A power supply will reach maximum efficiency between 40% and 60% of its maximum rated load. For the Cyberpower Infinity Fusion Titan SE system mentioned directly above, a quality power supply around 750W would be ideal, leaving a little headroom for adding in some additional hardware at a later date. Cyberpower decided to use the budget oriented Corsair CX600M (600W) which is close to 50% demand at load. Not a bad move really on their part but they were clearly trying to balance the monstrous cost of the GTX Titan to achieve the price point of £1999.99 inc vat.
Obviously this is only part of the procedure for buying the right power supply. You can also factor in the 80 Plus certification. This is the certification of rated efficiency. This will certify products that have more than 80% energy efficiency at 20%, 50% and 100% of rated load, and a power factor of 0.9 or greater at 100% load. That is, such PSUs will waste 20% or less electric energy as heat at the specified load levels, thus reducing electricity use and bills compared to less efficient PSUs.
We would always recommend at least 80 Plus Bronze certification for a budget power supply and when you spend more money, this certification will often increase to Silver, Gold and finally Platinum certification. Be aware that some power supplies don’t achieve their claimed efficiency levels. There have been many articles on this in the past and it certainly complicates the issue. Just because you see an 80 Plus Gold badge on the front of the box, it doesn’t mean the power supply actually has been certified.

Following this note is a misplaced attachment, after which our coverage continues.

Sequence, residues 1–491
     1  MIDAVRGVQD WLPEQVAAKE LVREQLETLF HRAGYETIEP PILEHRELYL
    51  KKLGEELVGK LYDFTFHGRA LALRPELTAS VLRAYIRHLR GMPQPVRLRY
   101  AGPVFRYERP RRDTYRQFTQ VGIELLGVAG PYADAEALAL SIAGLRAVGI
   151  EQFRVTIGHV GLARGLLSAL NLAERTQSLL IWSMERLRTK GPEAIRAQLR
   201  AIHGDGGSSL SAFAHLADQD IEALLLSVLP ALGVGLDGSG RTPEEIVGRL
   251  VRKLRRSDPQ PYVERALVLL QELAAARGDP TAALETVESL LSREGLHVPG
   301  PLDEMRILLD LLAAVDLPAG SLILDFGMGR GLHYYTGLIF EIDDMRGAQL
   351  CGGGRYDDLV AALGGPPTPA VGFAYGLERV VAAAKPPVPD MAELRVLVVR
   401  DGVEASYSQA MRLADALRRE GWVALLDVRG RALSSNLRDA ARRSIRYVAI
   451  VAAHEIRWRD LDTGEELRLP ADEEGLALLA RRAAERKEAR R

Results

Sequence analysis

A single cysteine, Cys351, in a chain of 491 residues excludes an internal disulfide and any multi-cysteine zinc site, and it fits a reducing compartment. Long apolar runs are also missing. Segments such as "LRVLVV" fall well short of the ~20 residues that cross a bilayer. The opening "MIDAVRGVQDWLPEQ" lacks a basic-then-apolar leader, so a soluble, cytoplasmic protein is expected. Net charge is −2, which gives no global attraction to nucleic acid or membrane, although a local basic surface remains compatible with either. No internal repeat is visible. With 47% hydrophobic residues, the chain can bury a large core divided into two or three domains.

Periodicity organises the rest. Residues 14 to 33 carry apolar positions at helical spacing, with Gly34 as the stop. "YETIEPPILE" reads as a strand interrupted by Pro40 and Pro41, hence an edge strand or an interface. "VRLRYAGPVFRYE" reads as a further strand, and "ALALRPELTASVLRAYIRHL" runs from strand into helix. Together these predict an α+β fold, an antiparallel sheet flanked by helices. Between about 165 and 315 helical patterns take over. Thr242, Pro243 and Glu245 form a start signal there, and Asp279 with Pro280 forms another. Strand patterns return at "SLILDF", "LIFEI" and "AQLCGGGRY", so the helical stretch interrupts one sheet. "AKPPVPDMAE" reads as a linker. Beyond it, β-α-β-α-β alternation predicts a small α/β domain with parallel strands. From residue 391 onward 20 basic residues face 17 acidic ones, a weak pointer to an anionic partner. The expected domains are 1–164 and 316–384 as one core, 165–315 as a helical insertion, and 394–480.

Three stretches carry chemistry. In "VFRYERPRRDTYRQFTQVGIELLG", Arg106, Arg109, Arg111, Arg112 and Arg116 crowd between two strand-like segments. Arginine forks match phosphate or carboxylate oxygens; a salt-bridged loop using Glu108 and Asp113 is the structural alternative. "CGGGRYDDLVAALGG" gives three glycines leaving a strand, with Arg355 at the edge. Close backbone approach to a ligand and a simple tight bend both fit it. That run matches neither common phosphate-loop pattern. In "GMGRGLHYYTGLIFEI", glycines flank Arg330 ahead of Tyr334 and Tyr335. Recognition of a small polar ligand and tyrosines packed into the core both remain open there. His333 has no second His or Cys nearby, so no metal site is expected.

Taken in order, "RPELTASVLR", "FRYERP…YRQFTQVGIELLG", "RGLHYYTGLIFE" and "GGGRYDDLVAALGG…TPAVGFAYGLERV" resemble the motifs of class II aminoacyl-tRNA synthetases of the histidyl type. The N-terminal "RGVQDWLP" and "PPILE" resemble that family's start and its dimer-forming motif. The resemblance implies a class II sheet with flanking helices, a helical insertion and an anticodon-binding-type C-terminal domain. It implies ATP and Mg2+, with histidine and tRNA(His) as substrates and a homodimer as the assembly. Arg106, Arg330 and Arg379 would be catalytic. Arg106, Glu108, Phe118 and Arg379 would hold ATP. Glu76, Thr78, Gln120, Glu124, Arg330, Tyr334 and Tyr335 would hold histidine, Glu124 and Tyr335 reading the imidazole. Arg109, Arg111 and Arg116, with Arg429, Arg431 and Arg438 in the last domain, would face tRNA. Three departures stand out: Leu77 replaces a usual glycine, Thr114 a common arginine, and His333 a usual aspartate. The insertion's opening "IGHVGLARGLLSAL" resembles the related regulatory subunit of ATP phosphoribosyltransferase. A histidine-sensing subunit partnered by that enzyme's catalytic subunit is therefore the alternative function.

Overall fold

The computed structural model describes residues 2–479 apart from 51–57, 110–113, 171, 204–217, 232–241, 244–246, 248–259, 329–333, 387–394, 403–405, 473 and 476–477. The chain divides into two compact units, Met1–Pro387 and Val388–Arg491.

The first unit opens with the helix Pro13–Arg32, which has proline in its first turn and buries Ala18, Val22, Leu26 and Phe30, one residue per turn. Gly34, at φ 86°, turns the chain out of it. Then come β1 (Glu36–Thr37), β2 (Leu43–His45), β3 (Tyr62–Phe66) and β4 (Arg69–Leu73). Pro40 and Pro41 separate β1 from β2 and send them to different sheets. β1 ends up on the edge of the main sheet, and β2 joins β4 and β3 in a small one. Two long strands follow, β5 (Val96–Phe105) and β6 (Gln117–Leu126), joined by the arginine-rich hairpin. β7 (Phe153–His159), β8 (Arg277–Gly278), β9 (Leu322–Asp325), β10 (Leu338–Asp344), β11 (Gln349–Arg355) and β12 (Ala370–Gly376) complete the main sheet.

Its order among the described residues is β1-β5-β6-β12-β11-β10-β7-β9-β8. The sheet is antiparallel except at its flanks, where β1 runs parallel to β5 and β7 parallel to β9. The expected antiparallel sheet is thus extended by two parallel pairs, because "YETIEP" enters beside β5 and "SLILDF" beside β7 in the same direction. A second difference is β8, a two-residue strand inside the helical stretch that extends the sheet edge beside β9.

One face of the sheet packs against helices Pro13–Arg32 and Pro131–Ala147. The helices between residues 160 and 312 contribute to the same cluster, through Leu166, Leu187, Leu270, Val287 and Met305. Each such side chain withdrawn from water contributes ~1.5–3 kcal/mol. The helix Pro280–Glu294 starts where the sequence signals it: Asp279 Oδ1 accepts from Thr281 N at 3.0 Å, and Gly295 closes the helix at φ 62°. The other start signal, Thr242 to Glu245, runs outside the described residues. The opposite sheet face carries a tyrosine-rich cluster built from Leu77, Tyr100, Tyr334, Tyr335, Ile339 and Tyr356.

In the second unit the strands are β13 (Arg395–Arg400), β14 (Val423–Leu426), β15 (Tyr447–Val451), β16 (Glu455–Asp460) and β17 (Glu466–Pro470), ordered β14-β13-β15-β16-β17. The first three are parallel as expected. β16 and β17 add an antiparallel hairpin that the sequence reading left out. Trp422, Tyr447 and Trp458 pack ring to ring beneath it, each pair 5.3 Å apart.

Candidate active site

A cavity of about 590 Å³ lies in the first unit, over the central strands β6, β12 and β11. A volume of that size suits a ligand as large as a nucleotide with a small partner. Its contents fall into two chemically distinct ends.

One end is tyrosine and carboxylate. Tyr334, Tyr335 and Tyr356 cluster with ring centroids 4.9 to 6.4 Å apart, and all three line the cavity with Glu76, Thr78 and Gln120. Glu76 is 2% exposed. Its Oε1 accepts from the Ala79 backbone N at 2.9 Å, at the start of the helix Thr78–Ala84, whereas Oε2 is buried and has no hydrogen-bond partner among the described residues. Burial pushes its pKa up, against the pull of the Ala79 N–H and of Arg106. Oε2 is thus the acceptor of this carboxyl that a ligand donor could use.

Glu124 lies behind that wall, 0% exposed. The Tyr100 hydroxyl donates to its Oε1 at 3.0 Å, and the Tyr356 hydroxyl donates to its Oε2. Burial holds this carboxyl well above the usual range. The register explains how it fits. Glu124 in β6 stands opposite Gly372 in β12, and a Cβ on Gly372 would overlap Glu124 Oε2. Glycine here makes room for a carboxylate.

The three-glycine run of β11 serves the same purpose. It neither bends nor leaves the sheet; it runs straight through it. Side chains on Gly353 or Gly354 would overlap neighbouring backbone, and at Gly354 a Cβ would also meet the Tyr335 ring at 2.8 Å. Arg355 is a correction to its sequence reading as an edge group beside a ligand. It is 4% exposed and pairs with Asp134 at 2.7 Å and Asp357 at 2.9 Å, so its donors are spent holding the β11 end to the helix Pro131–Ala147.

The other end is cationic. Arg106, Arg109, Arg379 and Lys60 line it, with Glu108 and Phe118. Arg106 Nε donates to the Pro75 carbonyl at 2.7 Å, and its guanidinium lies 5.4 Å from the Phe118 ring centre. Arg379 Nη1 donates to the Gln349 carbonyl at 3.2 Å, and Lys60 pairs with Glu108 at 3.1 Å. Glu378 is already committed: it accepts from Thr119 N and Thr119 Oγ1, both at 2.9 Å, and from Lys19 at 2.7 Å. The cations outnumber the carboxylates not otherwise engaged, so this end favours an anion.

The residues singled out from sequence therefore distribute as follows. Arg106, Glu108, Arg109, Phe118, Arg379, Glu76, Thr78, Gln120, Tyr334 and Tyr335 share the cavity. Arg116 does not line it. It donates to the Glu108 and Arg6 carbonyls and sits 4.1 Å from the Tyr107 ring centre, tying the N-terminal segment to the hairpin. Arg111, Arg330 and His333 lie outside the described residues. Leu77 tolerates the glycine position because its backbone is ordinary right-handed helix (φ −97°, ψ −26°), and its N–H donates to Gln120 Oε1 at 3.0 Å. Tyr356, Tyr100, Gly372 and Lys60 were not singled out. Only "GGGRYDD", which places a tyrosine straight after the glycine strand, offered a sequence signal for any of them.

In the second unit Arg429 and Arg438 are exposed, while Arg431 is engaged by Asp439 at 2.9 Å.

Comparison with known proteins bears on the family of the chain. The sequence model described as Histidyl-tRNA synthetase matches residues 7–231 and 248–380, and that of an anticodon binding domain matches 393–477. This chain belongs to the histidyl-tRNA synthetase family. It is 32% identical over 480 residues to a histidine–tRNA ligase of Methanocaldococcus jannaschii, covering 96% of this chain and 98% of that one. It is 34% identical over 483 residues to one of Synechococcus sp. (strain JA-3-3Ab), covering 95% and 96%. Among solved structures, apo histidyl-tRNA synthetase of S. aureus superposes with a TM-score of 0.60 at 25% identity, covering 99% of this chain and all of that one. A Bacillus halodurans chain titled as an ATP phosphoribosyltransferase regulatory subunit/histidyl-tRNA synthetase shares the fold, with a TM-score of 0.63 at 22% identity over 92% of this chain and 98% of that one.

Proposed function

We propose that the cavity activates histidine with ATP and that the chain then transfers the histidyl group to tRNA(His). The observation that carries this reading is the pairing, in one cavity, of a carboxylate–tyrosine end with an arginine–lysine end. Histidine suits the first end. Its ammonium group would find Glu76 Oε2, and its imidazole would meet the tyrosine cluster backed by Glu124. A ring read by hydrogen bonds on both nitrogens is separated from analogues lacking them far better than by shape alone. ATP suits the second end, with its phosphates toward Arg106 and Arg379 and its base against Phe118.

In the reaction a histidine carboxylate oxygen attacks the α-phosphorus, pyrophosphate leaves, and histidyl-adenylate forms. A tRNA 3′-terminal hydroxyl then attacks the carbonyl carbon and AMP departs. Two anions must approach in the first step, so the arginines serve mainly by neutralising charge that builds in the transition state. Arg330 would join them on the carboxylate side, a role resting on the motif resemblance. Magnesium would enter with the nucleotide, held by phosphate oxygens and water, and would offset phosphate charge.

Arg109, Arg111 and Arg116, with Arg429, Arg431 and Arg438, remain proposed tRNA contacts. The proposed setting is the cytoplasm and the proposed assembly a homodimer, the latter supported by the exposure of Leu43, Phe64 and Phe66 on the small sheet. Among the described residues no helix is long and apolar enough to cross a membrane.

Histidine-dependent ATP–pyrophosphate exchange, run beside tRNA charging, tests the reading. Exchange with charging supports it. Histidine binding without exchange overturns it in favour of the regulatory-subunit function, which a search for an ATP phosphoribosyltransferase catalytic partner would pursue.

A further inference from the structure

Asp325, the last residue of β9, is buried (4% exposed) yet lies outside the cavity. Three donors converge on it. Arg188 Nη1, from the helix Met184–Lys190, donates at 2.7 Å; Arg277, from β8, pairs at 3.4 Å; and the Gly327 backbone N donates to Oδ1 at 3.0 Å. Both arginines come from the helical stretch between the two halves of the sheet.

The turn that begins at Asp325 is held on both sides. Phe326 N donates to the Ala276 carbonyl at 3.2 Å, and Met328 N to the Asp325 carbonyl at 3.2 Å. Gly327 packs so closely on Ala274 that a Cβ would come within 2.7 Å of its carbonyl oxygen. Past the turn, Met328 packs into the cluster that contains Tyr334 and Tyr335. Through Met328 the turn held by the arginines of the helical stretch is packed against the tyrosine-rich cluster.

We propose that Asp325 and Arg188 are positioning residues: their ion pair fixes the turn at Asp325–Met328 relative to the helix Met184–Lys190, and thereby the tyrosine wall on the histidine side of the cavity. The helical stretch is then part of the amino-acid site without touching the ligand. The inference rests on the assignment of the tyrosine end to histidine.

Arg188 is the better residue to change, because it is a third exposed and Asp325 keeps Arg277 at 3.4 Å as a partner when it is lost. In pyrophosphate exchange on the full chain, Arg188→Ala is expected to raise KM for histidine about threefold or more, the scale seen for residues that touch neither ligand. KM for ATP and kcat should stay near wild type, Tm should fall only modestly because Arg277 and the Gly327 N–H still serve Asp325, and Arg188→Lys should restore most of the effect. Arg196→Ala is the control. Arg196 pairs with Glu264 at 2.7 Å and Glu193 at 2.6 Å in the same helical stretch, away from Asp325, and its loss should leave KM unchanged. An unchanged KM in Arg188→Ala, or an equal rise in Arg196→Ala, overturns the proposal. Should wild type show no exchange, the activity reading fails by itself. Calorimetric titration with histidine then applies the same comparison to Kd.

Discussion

That is an article for a different day however.
Ripple performance is also an important factor when deciding on a power supply, because if a specific unit falls outside industry tolerance specifications, it can be potentially dangerous. Ripple occurs with all SMPSU’s (switch mode power supply units). These are tiny fluctuations in a power supplies output voltage on the order of tens of millivolts, millions of times a second. Ripple is measured as a peak-to-peak value in milivolts and is measured using an oscilloscope.